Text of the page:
Researchers at the Trudeau Institute, Saranac Lake, NY, recently identified two important signaling components required by the immune system that might allow prepositioning of an individual’s own virus-fighting white blood cells, known as T cells, to the lungs to protect against the influenza virus. The findings, published in the Journal of Experimental Medicine, have prompted researchers to focus on inducing cellular immunity as a means to protect against influenza virus.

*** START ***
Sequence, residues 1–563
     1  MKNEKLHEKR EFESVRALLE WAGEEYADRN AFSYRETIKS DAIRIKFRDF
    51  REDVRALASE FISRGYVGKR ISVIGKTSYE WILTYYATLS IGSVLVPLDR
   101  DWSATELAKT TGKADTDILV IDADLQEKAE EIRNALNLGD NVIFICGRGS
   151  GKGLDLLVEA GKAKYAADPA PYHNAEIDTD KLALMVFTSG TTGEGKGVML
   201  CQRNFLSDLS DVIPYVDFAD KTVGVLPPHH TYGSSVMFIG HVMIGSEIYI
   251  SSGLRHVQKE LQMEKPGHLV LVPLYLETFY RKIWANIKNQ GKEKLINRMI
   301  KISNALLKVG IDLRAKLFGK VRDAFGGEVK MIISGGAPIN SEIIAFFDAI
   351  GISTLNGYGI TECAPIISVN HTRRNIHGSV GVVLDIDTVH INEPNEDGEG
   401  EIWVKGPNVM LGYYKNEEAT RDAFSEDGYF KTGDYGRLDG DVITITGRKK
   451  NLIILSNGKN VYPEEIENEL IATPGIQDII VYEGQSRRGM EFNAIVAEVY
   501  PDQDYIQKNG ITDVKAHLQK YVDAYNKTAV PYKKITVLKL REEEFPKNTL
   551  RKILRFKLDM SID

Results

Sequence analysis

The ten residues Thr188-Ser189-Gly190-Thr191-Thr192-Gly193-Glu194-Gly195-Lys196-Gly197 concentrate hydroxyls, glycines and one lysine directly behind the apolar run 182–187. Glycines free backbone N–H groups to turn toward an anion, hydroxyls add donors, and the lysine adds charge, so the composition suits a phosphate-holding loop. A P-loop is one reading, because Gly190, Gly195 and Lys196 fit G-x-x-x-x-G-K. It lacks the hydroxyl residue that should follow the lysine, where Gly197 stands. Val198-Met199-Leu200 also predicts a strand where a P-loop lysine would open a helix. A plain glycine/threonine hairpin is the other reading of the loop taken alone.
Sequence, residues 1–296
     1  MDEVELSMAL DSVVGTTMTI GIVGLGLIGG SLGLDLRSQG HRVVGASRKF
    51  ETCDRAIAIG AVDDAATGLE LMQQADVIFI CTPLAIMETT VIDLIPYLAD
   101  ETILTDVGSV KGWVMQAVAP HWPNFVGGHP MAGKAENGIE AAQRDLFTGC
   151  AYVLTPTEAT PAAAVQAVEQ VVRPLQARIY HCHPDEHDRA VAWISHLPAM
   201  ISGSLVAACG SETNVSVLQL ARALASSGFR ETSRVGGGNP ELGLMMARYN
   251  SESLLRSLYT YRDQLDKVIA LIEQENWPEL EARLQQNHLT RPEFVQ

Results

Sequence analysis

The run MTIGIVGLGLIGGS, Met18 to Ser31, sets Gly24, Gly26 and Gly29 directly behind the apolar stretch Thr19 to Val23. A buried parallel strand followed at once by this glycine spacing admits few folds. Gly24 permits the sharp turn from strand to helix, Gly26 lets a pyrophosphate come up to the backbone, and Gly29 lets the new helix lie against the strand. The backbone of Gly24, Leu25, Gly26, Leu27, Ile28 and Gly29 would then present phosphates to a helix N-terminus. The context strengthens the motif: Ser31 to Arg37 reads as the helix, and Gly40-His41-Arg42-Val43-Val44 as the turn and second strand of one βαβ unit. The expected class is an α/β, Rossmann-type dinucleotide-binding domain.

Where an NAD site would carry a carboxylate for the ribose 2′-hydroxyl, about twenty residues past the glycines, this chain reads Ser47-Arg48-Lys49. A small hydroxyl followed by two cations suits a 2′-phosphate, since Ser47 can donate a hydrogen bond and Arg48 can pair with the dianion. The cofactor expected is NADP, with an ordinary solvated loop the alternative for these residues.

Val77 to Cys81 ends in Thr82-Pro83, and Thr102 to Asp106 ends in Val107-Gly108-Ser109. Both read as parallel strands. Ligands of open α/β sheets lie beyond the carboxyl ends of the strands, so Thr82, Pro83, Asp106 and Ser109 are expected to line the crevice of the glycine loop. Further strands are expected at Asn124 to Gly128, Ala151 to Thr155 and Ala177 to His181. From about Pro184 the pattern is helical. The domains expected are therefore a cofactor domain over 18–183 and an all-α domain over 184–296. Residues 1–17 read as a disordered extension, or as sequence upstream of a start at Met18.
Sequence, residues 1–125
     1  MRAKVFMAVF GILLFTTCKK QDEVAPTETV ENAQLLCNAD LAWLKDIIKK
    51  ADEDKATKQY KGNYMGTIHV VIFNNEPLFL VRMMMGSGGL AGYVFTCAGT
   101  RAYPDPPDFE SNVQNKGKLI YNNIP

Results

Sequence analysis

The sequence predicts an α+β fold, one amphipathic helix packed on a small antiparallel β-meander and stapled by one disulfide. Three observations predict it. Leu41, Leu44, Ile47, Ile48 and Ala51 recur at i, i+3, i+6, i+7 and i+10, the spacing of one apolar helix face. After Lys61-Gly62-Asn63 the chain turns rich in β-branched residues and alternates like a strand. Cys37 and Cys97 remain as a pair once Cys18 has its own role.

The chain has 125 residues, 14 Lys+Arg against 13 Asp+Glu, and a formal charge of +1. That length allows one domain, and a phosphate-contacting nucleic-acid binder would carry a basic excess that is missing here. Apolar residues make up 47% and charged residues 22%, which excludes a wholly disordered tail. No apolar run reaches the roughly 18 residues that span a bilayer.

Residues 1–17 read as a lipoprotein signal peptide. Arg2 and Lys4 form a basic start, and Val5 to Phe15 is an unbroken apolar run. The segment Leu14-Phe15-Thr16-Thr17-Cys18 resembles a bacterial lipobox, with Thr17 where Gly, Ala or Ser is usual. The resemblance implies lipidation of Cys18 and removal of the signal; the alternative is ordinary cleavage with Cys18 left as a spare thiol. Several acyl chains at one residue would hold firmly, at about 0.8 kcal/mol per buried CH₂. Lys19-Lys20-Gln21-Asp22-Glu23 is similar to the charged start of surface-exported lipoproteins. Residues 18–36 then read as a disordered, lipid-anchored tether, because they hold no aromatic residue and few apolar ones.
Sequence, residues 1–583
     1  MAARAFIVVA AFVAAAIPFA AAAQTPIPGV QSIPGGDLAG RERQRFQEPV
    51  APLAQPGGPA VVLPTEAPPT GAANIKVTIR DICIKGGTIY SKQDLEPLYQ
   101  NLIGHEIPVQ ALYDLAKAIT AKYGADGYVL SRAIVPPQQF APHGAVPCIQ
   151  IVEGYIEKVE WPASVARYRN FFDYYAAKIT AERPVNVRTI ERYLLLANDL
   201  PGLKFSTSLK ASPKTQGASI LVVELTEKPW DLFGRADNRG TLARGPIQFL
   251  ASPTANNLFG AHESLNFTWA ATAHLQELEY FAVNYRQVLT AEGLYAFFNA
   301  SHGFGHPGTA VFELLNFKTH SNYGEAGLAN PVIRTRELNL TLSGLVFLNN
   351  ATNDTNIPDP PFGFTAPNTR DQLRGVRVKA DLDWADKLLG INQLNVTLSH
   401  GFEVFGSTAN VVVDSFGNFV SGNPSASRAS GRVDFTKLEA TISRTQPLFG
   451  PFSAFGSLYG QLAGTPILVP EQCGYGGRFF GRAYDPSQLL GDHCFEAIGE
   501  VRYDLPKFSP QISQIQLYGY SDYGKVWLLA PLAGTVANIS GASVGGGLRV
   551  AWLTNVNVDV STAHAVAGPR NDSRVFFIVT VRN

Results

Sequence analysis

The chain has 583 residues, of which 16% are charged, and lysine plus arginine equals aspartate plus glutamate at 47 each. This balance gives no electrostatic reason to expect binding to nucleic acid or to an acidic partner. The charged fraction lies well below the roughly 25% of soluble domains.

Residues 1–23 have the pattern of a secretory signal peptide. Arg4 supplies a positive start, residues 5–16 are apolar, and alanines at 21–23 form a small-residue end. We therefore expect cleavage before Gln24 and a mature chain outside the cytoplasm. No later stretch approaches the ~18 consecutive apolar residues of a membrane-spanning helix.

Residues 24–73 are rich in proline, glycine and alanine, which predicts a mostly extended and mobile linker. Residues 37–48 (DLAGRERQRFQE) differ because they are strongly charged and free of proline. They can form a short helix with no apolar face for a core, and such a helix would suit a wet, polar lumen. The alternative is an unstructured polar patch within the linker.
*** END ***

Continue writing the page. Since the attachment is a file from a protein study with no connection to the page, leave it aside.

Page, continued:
The first T cell is residual antigen—needed to stimulate antibodies—that remains in the lymph nodes for weeks after the initial infection has been cleared. The second is an “imprinting event” that instructs the T cells to specifically seek a target organ—in the case of flu, the lung. This imprinting event directs the T cells to where the original infectious agent entered the body and where the cells need to go to fight future infections.
According to the researchers, this new information could lead to the development of vaccines designed to promote immunity to respiratory infections. They hope that it may be possible to protect the population by prepositioning flu-fighting T cells in the lungs—the site of initial infection—so they are in place when the body needs them.